Why Pay Per Click Means Expensive Legal Marketing

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Jeffrey Johnson is a legal writer with a focus on personal injury. He has worked on personal injury and sovereign immunity litigation in addition to experience in family, estate, and criminal law. He earned a J.D. from the University of Baltimore and has worked in legal offices and non-profits in Maryland, Texas, and North Carolina. He has also earned an MFA in screenwriting from Chapman Univer...

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UPDATED: Nov 16, 2020

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Attorneys who do not have a well established website are struggling to “catch up” with firms who built websites before the Internet boom. Because placement on the first page of search results is difficult, and costly, for Internet newcomers, growing numbers of attorneys are turning to Pay Per Click (PPC) programs. With PPC advertising, the attorney pays only for click-throughs to the attorney’s website.

Despite its intuitive appeal, PPC advertising is among the most expensive and inefficient forms of legal marketing. The cost of generating a single visit to a law firm’s website is high. More significantly, a website visit does not guarantee a call, email or office visit as the conversion rate on hits to a website is low. The result is that many law firms pay thousands of dollars per month for very little in the way of actual business.

Before signing on to a PPC program, you need to consider the cost per click (CPC) of a relevant search term. The cost can be enormous. Some examples of the average CPC in different metro markets, as estimated by Google, show why:

Term Cost Per Click (CPC) Market
Personal Injury Lawyer $18.84 Los Angeles
Auto Accident Lawyer $14.54 Miami
Criminal Lawyer $17.11 New York City
DUI Lawyer $23.92 Boston

For $100, the PPC term “Personal Injury Lawyer” in Los Angeles, will generate only 5 unique visitors to a firm’s website, but the probability of gaining a client from those visits is zero. A typical conversion rate to an actual call or email is probably about 1 in 20 or 1 in 30. Some attorney marketing search engine optimization (SEO) firms claim they can increase the conversion rate to 10%, or 1 in 10, which may be unrealistic.

If your firm does spend $100 per day, that amounts to $3,000 per month, which exceeds the entire monthly legal marketing budget for many firms. The CPC for the four search terms shown above average $18.60. Using that as an average, a PPC budget of $3,000 per month would generate 161 unique visitors, but that is only a web visit—not a call, email or office visit. Using the admittedly unrealistic conversion rate of 1 in 10, would generate about 16 calls or emails per month, which calculates to about $187.50 per call or email–and that does not necessarily mean an office visit, let alone a new client.

The reality is that if you get 10% of the clients that call, email or visit, (remember many will have no money or no case) to retain your firm, you are doing exceptionally well. Even law firms that are very good at converting calls/emails from a legal marketing firm into an actual client only achieve a retention rate of 5-10%, and that’s a best-case scenario. If a firm gets 16 leads per month based on a monthly $3,000 PPC budget, the firm would gain approximately 19 retained clients after spending $36,000 per year on PPC. This works out to almost $1900 per retained client, which is more than many reputable programs charge for an entire year of service. That high cost is a good reason why firms new to online marketing should not rely on PPC marketing, which may be the most expensive form of legal advertising, especially in terms of return on investment (ROI). Most would-be advertisers don’t recognize this hidden truth because marketing companies that provide SEO services do not talk about the cost of an actual lead or retained client. They simply refer to increased website traffic, usually as a percentage (i.e. 50% increase in traffic).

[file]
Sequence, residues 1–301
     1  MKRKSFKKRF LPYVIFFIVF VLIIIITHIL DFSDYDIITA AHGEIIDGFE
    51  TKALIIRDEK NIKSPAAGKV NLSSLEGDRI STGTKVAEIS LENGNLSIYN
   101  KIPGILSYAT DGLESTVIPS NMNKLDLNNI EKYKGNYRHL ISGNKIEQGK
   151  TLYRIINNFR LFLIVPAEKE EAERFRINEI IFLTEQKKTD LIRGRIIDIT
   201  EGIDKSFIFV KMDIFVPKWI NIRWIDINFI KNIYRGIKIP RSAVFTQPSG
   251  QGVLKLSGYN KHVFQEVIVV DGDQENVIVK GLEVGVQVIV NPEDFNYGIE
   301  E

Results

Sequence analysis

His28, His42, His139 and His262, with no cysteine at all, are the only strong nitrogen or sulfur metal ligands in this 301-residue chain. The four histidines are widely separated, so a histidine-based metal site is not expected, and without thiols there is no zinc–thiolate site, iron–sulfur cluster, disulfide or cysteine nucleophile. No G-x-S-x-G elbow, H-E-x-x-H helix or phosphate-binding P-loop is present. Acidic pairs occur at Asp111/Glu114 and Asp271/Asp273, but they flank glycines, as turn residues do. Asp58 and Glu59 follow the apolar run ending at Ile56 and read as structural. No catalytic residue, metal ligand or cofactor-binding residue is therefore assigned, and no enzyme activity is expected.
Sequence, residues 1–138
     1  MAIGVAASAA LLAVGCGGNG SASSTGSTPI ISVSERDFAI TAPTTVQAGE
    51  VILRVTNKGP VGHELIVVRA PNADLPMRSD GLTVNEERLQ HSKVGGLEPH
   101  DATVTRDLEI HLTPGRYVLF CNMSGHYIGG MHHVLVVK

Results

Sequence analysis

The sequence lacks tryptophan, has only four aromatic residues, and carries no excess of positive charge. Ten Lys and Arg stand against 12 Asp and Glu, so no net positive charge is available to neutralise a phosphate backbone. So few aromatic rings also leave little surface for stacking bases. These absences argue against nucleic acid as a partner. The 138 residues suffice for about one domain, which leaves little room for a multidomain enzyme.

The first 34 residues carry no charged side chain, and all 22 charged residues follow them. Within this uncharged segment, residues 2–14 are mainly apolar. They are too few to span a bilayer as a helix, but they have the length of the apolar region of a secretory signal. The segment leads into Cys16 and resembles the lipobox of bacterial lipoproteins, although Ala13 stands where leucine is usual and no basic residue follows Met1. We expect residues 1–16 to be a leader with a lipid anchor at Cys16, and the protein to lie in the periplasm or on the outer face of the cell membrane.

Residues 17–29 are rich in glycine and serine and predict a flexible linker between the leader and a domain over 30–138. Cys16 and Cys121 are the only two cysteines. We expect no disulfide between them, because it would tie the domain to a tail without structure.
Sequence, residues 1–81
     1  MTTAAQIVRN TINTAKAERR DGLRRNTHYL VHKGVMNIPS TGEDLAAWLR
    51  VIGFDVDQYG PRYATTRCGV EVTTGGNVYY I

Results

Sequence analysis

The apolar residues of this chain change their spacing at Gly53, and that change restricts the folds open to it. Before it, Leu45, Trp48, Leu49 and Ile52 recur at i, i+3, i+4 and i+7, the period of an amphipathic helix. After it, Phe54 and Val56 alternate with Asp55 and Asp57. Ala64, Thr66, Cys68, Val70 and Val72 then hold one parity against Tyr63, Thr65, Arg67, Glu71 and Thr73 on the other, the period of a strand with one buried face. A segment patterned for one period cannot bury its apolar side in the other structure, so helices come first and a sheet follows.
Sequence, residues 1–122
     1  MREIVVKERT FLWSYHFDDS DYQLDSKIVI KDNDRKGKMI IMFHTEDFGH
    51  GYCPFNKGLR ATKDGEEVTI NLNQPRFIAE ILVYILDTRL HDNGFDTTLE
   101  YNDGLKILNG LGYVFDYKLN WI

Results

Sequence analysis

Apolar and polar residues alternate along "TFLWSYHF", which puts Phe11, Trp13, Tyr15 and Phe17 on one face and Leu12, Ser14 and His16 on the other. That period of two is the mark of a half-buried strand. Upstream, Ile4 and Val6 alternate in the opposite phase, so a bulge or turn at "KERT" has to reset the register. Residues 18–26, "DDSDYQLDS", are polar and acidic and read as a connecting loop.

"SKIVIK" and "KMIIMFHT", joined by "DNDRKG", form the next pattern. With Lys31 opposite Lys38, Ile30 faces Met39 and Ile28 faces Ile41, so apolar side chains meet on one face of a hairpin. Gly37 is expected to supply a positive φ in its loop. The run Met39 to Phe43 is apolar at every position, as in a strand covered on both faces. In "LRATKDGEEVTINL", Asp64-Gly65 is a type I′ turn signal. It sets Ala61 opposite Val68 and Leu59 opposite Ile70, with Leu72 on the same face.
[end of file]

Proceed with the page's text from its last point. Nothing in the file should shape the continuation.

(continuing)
A new variation on legal marketing programs, called Pay Per Click Management, focuses on the number of visitors to your site and the increase in traffic the marketing firm can generate. These attach a premium to the already high CPC, but claim to get more action. Generally, these firms buy less popular and less expensive terms that do not convert as well. This tactic increases the number of unique visitors to a website but reduces the conversion rates. PPC, by itself, is a very expensive and inefficient form of online legal marketing that is not improved by legal marketing firms that claim to increase your unique visitors by 50%. Now you must cover the premium cost of the PPC management firm and deal with lower conversion rates.

A much more effective way for newer firms to catch up with those with established websites is to work with a legal directory or pay per lead service. Many legal directories already come up at the top for relevant search terms and can generate leads at a much lower price than a PPC campaign, which means a lower cost per case. Pay per lead programs also are a good alternative because you pay a fixed cost for the actual leads you receive. This means that you know exactly what each email or call from a potential client costs. Legal directories can be less expensive than PPL programs, but both are much less expensive, and more efficient, than PPC legal marketing.

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